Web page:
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Nov 12, 2010

Vasoline Does It Right (But That's Not an Endorsement)

Ever since the Federal Trade Commission issued its "Guides Concerning the Use of Endorsements and Testimonials in Advertising," with its specific guidelines for disclosure of compensated reviews and endorsements by bloggers, I have been writing about questionable advertising campaigns that appeared to run afoul of the rules.  (I have also been criticizing the rules themselves, and the disparate treatment of traditional and citizen media.)

So I was interested to see a New York Times article on a new advertising campaign by Unilever's Vasoline brand for its Vaseline Intensive Rescue skin cream.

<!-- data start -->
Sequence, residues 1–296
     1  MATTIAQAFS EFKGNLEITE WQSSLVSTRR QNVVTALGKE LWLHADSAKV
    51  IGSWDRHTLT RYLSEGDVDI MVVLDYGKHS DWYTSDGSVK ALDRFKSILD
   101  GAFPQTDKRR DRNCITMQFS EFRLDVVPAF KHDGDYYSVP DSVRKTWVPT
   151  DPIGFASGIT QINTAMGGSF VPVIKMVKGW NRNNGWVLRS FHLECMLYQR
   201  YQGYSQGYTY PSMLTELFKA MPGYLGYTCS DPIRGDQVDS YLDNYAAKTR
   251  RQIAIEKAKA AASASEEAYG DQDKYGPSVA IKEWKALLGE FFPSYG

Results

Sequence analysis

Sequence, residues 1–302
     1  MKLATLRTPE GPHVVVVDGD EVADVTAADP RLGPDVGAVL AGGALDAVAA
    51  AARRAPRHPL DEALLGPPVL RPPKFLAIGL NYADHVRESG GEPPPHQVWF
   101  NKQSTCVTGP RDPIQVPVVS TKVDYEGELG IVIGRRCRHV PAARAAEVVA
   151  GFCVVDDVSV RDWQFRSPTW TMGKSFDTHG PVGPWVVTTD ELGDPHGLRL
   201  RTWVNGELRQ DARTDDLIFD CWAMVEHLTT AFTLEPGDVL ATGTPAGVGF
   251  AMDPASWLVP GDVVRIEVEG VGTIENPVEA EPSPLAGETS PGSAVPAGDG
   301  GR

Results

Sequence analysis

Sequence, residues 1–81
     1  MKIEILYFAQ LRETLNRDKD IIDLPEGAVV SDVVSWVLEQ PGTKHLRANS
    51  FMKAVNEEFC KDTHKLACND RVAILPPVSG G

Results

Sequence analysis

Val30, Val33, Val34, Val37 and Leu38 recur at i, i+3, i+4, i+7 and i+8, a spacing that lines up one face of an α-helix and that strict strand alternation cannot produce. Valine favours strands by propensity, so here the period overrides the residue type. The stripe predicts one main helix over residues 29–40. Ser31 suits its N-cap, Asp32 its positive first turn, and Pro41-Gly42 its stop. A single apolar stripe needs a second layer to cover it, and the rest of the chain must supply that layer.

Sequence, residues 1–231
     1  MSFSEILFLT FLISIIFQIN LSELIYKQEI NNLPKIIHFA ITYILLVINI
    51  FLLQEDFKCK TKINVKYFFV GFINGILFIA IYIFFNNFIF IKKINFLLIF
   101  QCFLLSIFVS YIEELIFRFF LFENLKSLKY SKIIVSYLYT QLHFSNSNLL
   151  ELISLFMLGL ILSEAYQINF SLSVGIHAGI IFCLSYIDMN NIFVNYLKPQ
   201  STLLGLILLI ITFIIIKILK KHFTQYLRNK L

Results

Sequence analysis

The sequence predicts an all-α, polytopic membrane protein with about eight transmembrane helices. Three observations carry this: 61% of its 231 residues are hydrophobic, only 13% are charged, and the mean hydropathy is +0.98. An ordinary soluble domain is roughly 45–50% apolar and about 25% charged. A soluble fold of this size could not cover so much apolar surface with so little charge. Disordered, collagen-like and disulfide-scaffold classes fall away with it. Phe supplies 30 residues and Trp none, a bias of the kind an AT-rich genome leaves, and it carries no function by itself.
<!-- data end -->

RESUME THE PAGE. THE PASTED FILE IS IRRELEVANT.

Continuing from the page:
The campaign features three "mommy bloggers" (A Giveaway Addicted Mommy; An Island Life; Supermom Reviews) that the company found by searching for blogs discussing dry skin.  The bloggers are featured on the campaign's web site, and they also write about the product and the campaign on their blogs.

The important part, regarding the FTC rules, is that the bloggers all disclose on their sites that they are being compensated, either by being paid cash or receiving free products.  (Although some of the disclosures could be clearer.)

The Vaseline Intensive Rescue campaign shows that advertisers and bloggers can comply with the FTC guidelines, not matter how misguided the Guides may be.
 
I was not compensated, in cash or with any free or reduced-price products, for this posting.  Too bad.

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